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Here's how the new IRS life expectancy tables affected inherited and owner retirement accounts

Posted by Gayla K. Austin | Jan 20, 2022 | 0 Comments

For beneficiaries of inherited accounts who already are taking Required Minimum Distributions, you get a one-time reset to take advantage of new life expectancy tables. 

Starting this year, new IRS life expectancy tables--which are used to determined the required distributions--are in effect.  There are a couple of situations that will only happen this year.  

Required minimum distributions apply to 401(k) plans--both traditional and the Roth version--and similar workplace plans, as well as most individual retirement accounts.  Roth IRAs have no required withdrawals until after the account owner's death.  

Before the Secure Act taking effect in 2020, required minimum distributions were generally required once a person hit 70 and 1/2.  Now, for anyone that reached that age in 2020, or after, required minimum distributions kick in at age 72.  In other words, if you were born July 1, 1949, or later, you can wait until age 72. 

The amount you must withdraw each year is generally determined by dividing the previous year end balance of each qualifying account by a "life expectancy factor" as defined by the IRS.  The agency's new tables assume you will live longer, which may have the effect of reducing the amount you need to withdraw.  

New Uniform Life Table

Under the new uniform life table, for example, a 75-year old would use 24.6 as their factor.  If the account balance is, say $500,000, dividing the amount by that factor results in a required minimum distribution of about $20,325.00.  

Under the old table, the factor for a 75-year old was 22.9 or $21,834.00 for a $500,000 account. 

One thing to be careful about involves anyone who turned 72 in the second half of last year.  Someone reaching that age in the first half of 2021 would have been subject to the required minimum distribution age of 70 and 1/2.  

Basically, in a person's first year of required minimum distributions, that required withdrawal can be delay up until April 1 of the following year, although this means having two required minimum distributions in the same year.   If you delayed your 2021 required minimum distribution to take advantage of that rule, be sure to use the proper account balances and the proper life expectancy table.  

That is, your 2021 required minimum distribution would be based on the old life expectancy tables and the account's balance on December 31, 2020.  Your 2022 required minimum distribution would be based on the new tables and the balance at the end of 2021.  

Inherited retirement accounts 

For inherited IRAs, calculating required minimum distribution is handled differently.  

The Secure Act eliminated the ability of most beneficiaries to stretch out withdrawals across their own lifetime--the so-called stretch IRS--if the original account owner died in 2020 or later.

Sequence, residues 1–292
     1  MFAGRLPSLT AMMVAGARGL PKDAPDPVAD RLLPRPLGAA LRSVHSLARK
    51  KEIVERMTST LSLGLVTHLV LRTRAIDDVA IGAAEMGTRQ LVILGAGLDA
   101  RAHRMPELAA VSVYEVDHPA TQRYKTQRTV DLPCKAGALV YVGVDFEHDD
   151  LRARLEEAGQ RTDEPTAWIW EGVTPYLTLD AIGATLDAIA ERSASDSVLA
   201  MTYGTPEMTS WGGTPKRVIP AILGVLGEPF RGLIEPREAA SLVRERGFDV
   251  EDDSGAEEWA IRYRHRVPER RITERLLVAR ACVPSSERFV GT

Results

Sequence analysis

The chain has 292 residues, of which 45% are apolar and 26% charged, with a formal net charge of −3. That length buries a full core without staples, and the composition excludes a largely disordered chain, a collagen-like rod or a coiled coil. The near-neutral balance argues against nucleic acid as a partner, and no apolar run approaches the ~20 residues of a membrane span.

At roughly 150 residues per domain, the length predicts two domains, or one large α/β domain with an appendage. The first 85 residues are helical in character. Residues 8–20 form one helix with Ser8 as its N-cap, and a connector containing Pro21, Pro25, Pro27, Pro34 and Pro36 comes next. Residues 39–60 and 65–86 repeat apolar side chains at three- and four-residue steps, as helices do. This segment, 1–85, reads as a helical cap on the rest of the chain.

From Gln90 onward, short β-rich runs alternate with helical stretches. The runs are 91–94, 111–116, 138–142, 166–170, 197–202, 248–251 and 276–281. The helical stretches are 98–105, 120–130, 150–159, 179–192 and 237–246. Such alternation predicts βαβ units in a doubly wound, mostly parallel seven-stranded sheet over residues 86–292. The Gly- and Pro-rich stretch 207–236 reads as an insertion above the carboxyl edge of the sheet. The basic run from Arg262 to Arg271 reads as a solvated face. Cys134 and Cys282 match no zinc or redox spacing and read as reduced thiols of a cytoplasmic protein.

Now, unless they meet an exception, beneficiaries are required to withdraw all assets from the inherited account by December 31 of the 10th year following the account owner's death. 

Exceptions to that rule include when the beneficiary is a surviving spouse; a minor child of the account owner, until they reach the age of majority, which is usually 18; a disabled beneficiary or one who is not more than 10 years younger than the original account owner.  These beneficiaries can still stretch out payments based on their life expectancy.  

Beneficiaries who had an inherited account before 2020 and were using the stretch provision can continue to do so. 

Either way, the method for determining your required minimum distribution from an inherited account is different and spouses have several options.  In the first year, you look at the factor for your age in the single life table.  In the next year you reduce that original factor by one and then continue subtracting one in each subsequent year. 

It's a one time reset . . . . 

This year, you get a one time reset:  Look at the factor in the single life table for the age you were when you began taking those required minimum distributions and reduce that number by one for reach year that has passed.  It's looking at it as if the new table was in effect when you inherited the account.  But it doesn't affect the required minimum distributions you've taken since then.  Once you do the reset, you continue reducing your factor by one each year. 

About the Author

Gayla K. Austin

I enjoy helping clients put it all together with legal advice regarding real property, estate planning and business entities.


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